Abstract: Differentiation of gliomas and reactive gliosis may be challenging both at primary tumor occurrence and at posttherapy biopsy. The most frequent IDH1 mutation found in the majority of WHO grade II and III gliomas can be visualized with an antibody specifically detecting mutant IDH1(R132H) protein. In this study, mIDH1R132H immunoreactivity in 120 reactive gliosis specimens of various etiologies is compared with Wilms Tumor 1 (WT1) and p53 expression, both markers applied for the differentiation of reactive gliosis and glioma. Although WT1 and p53 positive glial cells were found in 17% and 63% of cases respectively, all samples were negative for mIDH1R132H. Furthermore, we investigated 19 posttherapy gliomas ( 6 WHO II, 13 WHO III) with extensive reactive changes and detected mIDH1R132H positive cells in 13 specimens. In 5 of these cases, tumor cells were missed by conventional staining, showing the improved sensitivity of mIDH1R132H. Thus, mIDH1R132H is a tumor-specific marker that is superior to other established markers to differentiate reactive from neoplastic cells in grade II and III gliomas and allows identifying tumor cells in posttherapy specimens with extensive reactive changes. As IDH mutations are not characteristic of grade IV primary glioblastomas, this antibody cannot differentiate primary glioblastoma from reactive gliosis. Thus, caution has to be taken and a combined panel with other markers is needed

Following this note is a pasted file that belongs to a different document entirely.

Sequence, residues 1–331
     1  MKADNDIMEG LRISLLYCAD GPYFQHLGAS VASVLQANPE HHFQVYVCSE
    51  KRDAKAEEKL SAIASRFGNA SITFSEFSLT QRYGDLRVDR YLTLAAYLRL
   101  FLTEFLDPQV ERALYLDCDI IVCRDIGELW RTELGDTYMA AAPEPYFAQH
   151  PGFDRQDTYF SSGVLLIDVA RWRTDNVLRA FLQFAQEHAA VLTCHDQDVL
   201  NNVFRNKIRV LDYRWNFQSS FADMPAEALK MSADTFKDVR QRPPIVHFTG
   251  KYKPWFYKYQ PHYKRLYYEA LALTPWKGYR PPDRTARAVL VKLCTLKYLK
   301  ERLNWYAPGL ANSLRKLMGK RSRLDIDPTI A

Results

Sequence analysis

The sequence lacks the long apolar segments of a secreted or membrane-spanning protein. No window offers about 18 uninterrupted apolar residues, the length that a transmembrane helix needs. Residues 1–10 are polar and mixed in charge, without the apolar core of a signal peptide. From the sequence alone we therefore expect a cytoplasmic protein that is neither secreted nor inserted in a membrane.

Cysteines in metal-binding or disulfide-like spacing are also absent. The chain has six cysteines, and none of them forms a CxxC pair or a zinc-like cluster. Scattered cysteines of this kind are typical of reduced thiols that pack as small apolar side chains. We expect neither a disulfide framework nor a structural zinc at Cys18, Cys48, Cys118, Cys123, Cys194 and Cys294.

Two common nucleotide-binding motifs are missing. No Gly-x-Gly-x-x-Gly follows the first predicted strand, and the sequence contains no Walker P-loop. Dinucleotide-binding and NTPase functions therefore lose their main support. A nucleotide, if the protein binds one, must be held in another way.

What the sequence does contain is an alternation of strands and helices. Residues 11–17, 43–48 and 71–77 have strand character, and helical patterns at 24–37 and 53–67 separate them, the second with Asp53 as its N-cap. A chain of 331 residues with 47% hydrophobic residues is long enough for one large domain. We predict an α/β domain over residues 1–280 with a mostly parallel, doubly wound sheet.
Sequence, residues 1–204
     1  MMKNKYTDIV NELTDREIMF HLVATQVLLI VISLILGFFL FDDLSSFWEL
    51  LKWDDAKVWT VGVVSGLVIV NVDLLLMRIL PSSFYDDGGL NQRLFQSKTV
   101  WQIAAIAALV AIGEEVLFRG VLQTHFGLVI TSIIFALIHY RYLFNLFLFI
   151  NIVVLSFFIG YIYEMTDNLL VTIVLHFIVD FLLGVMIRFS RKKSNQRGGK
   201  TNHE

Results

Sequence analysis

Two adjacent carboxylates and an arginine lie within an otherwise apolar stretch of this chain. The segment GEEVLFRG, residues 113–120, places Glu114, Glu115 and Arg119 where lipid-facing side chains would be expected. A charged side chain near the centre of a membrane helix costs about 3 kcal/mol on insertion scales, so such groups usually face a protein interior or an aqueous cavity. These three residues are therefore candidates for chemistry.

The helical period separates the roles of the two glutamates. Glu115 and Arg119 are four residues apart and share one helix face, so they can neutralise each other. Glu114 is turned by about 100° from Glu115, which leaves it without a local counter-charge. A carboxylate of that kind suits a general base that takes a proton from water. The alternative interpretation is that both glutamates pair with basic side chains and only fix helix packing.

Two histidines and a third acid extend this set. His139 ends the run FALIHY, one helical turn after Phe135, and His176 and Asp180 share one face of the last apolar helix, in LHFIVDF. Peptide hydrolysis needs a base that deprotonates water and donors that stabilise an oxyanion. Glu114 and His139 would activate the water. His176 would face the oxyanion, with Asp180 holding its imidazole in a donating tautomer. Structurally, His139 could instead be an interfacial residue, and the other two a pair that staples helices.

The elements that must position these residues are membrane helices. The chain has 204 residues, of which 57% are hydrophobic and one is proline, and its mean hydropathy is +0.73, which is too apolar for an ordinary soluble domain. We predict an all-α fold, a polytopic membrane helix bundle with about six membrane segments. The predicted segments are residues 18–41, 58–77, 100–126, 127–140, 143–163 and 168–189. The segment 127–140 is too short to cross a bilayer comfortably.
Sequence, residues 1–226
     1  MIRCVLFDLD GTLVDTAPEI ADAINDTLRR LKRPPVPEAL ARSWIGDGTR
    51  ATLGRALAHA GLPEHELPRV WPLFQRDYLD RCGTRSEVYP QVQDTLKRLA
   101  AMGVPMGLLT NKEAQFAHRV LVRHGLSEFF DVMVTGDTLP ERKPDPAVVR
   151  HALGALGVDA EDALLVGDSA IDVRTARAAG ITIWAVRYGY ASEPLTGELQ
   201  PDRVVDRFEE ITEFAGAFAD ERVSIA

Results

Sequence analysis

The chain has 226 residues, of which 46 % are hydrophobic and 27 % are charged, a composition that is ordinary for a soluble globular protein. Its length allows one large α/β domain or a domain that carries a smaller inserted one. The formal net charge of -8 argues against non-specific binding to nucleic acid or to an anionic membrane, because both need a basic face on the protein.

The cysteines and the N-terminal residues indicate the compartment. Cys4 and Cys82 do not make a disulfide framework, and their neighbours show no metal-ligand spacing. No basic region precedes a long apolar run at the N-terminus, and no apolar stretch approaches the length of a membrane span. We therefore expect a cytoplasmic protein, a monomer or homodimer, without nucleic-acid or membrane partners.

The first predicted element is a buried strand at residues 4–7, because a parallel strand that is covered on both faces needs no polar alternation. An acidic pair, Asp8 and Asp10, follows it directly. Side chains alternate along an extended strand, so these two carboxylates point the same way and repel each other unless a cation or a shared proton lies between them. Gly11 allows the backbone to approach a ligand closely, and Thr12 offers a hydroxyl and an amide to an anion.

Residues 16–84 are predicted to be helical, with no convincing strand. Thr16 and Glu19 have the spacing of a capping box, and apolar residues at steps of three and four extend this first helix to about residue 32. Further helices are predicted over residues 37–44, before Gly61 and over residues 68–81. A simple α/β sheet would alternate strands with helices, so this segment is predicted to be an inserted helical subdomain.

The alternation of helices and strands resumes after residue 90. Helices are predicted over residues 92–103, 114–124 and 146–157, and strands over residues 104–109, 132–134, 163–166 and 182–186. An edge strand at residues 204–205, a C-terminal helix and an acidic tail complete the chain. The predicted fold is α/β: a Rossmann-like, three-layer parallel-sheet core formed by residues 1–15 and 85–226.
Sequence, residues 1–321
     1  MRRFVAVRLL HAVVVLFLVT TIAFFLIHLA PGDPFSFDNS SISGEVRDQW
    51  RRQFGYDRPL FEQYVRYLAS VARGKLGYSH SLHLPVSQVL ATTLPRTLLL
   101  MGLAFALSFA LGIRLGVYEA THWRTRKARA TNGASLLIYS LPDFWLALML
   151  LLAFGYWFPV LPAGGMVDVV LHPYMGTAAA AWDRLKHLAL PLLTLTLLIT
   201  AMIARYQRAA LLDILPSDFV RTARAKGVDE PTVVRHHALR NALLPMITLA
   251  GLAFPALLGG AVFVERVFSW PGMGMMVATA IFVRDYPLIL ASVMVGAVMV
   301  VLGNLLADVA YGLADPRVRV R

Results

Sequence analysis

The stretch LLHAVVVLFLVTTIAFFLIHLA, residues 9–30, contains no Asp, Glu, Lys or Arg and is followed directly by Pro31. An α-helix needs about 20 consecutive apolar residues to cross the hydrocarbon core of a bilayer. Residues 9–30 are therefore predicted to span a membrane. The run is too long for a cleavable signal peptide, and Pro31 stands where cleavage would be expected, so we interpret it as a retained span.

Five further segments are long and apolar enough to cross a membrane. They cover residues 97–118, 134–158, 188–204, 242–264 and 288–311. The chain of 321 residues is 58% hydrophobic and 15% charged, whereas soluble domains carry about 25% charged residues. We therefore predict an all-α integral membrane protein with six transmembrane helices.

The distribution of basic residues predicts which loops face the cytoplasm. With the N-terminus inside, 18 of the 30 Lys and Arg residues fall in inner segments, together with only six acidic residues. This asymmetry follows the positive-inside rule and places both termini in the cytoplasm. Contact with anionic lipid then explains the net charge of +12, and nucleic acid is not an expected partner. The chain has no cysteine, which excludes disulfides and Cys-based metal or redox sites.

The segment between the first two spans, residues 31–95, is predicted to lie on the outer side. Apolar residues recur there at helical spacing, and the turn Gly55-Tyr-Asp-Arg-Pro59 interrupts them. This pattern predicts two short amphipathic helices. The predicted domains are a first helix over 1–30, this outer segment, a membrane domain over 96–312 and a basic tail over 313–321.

Type of Publication: Journal article published
    PubMed ID: 20661018
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  • 3
    Keywords: GLIOMAS ; 1p ; temozolomide ; GLIOBLASTOMA-MULTIFORME ; 19Q ; OLIGODENDROGLIAL TUMORS ; INTEGRATED GENOMIC ANALYSIS ; IDH2 MUTATIONS ; DEPENDENT PROBE AMPLIFICATION ; NEUROONCOLOGY
    Abstract: Background. Molecular biomarkers including isocitrate dehydrogenase 1 or 2 (IDH1/2) mutation, 1p/19q codeletion, and O-6-methylguanine-DNA-methyltransferase (MGMT) promoter methylation may improve prognostication and guide treatment decisions for patients with World Health Organization (WHO) anaplastic gliomas. At present, each marker is individually tested by distinct assays. Illumina Infinium HumanMethylation450 BeadChip arrays (HM450) enable the determination of large-scale methylation profiles and genome-wide DNA copy number changes. Algorithms have been developed to detect the glioma CpG island methylator phenotype (G-CIMP) associated with IDH1/2 mutation, 1p/19q codeletion, and MGMT promoter methylation using a single assay. Methods. Here, we retrospectively investigated the diagnostic and prognostic performance of these algorithms in comparison to individual marker testing and patient outcome in the biomarker cohort (n = 115 patients) of the NOA-04 trial. Results. Concordance for IDH and 1p/19q status was very high: In 92% of samples, the HM450 and reference data agreed. In discordant samples, survival analysis by Kaplan-Meier and Cox regression analyses suggested a more accurate assessment of biological phenotype by the HM450 analysis. The HM450-derived MGMT-STP27 model to calculate MGMT promoter methylation probability revealed this aberration in a significantly higher fraction of samples than conventional methylation-specific PCR, with 87 of 91 G-CIMP tumors predicted as MGMT promoter-methylated. Pyrosequencing of discordant samples confirmed the HM450 assessment in 14 of 17 cases. Conclusions. G-CIMP and 1p/19q codeletion are reliably detectable by HM450 analysis and are associated with prognosis in the NOA-04 trial. For MGMT, HM450 suggests promoter methylation in the vast majority of G-CIMP tumors, which is supported by pyrosequencing.
    Type of Publication: Journal article published
    PubMed ID: 25028501